West Africa Attractions & Festivals
Akwasidae Festival (Ghana)
In the Ashanti calendar certain days each year are set aside for a very special celebration at the Royal Palace in Kumasi and this traditional ceremony takes place in one of the last African Kingdoms which has maintained its ancient rituals still alive.
During this celebration, the King sits under a spectacular colorful umbrella, is adorned in vivid cloth and massive centuries old jewelry (Ashanti gold jewelry and masks are considered masterpieces of African art) and is surrounded by the Ashanti elders and advisors, all under the authority of the Royal Speaker who holds in his hands the symbols of power. In front of the King a narrow passage of dignitaries is also formed, representing all roles and positions of power within the kingdom: sword and knife bearers, armed guards, carriers of beautiful ostrich feathers fans etc. The ceremony is then made up of a procession of royal court attendants bringing gifts, storytellers reciting the history of the Ashanti Kings, drummers & trumpeters playing horns of ivory. Corpulent dancers dressed in vivid red costumes perform an erotic dance. The mother queen also joins the ceremony accompanied by her attendants. We will witness and experience the splendor, the flavor and the atmosphere of one of last great African monarchs of the forests.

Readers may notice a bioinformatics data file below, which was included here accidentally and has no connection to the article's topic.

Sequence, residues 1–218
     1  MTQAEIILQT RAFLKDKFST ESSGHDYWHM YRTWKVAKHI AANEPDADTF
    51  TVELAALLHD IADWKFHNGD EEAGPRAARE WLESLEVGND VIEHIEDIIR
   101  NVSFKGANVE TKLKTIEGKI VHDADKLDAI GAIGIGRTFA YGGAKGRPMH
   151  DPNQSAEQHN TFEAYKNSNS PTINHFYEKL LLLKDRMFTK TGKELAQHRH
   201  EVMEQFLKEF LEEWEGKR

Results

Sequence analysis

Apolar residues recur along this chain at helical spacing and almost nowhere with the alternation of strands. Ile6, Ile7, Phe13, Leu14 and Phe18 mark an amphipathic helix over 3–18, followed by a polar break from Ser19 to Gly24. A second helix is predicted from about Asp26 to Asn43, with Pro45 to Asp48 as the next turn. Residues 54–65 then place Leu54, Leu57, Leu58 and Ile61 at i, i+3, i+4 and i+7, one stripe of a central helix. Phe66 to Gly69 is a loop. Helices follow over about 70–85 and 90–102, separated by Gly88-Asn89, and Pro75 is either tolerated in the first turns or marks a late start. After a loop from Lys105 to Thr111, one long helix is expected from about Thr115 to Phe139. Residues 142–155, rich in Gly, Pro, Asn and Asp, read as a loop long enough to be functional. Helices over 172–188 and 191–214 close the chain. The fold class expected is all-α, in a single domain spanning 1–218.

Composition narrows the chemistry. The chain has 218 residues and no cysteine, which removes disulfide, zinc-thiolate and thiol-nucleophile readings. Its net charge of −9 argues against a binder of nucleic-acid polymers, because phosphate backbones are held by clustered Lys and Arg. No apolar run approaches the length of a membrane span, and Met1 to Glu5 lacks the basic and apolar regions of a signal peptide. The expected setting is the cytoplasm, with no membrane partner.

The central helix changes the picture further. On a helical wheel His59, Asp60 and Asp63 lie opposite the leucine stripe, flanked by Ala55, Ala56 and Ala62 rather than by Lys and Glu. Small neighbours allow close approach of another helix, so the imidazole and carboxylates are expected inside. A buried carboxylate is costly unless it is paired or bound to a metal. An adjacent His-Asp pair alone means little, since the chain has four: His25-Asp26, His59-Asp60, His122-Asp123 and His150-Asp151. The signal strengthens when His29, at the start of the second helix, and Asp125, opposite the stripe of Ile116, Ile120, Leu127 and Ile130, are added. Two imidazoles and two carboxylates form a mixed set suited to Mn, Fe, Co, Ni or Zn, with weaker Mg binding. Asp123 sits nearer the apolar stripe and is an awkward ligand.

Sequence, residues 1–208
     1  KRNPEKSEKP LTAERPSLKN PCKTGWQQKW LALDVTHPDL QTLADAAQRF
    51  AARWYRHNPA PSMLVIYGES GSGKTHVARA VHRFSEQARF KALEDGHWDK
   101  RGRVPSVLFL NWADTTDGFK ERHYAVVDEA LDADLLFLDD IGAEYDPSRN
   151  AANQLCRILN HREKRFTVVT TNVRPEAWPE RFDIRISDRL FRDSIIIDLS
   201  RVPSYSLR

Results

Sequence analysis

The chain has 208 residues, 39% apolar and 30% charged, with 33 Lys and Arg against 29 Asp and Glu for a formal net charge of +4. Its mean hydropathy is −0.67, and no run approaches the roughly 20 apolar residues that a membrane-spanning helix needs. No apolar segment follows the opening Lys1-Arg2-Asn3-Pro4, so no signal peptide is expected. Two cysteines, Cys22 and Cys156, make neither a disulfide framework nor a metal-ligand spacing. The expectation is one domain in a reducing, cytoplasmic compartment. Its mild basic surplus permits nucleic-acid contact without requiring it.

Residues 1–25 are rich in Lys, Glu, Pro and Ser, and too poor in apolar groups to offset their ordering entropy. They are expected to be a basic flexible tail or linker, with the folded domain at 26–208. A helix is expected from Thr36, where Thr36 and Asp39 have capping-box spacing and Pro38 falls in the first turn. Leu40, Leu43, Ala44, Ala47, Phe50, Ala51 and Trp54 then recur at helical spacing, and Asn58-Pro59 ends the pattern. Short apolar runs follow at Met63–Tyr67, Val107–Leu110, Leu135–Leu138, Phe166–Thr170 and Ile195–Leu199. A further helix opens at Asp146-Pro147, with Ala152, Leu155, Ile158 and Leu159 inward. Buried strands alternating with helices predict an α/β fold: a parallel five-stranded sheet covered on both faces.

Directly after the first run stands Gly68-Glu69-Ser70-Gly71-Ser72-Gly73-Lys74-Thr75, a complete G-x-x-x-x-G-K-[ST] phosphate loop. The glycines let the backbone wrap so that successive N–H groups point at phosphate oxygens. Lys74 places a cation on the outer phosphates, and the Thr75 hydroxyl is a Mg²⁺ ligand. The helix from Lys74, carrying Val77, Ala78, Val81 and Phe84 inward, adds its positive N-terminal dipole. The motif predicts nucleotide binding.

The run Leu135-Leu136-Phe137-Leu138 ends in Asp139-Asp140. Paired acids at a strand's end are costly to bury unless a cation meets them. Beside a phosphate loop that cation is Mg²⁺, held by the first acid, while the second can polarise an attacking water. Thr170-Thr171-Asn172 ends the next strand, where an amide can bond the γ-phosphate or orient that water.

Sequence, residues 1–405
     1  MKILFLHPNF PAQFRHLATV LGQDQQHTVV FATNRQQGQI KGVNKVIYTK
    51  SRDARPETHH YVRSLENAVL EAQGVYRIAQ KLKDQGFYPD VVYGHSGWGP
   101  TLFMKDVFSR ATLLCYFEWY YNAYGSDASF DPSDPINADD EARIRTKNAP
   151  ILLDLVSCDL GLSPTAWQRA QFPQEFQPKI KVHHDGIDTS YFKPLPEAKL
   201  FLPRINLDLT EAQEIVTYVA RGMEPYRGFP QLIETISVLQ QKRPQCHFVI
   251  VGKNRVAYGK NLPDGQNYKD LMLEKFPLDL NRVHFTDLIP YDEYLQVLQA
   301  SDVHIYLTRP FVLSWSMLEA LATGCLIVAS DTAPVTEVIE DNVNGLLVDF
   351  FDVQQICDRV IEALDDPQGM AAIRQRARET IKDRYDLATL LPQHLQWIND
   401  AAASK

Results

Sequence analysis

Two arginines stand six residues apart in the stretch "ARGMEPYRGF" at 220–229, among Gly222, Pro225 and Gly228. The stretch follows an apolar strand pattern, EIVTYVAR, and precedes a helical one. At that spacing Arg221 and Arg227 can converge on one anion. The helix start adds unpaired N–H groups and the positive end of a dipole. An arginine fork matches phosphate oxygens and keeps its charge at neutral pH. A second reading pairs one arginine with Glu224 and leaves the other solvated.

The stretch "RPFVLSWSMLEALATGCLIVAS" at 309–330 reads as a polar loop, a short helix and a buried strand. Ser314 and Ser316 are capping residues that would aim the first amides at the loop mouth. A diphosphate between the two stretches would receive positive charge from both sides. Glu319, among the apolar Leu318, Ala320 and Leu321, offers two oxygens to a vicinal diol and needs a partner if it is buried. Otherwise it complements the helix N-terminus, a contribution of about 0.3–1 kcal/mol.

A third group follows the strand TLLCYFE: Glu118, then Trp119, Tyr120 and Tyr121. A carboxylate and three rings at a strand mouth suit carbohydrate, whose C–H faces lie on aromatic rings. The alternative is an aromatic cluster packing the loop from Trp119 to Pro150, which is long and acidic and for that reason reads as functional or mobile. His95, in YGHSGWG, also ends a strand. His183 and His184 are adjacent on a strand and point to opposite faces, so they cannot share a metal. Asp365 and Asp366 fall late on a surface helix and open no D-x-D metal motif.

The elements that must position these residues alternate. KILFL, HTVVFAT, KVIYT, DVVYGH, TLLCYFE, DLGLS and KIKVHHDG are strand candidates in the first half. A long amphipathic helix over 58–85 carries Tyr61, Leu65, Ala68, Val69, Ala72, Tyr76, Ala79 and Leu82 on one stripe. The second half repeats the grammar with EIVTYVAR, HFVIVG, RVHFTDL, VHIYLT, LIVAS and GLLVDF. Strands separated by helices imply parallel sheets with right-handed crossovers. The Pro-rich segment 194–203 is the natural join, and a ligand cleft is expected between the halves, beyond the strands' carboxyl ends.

Egun Mask Dance (Benin)
The Egungun is a very powerful masks secret society. Egun masks are the reincarnation of deceased people and are known and feared for their aggressiveness and their unpredictable way of moving around. Intensively coloured, masks are covered with a multitude of pieces of cloth of many red shades.
They emerge from the forest and form a procession through the streets of the village, leaping towards any foolish spectator who dares getting too close. And nobody wants to be touched by the Egun because any contact carries the danger of death. Better watch out! When masks arrive they perform a kind of bull fight designed to scare the crowd but in truth they are actually greeted with bursts of laughter!
Gelede Mask Dance (Benin)
Gelede is at the same time a cult, a secret society and a mask. First of all it is the cult of Oudua: the great divinity, the old mother and the mother earth. Gelede is also the daughter of Ougun, the god of iron and one of the main gods in South Benin’s Voodoo religion. But Gelede is also the secret society which holds the Gelede masks and organizes special dances. Gelede performances recall our western “theatre” where each mask represents a character, often humoristic or ironic. This theatrical aspect of the masks mimicking short stories has the function of educating, not simply entertaining the village. Gelede mask has feminine features but is worn by men dressed up like women and dancing incredible performances: a chorus made up of more than 20 singers dancing in a large circle with two big drums in the middle, the surrounding public, happy and excited, singing along, laughing and clapping hands. Colours dominate the scene with the dancers dressed up in colorful clothes moving around all the time. Indeed a fascinating mix of street theatre and magical theatre.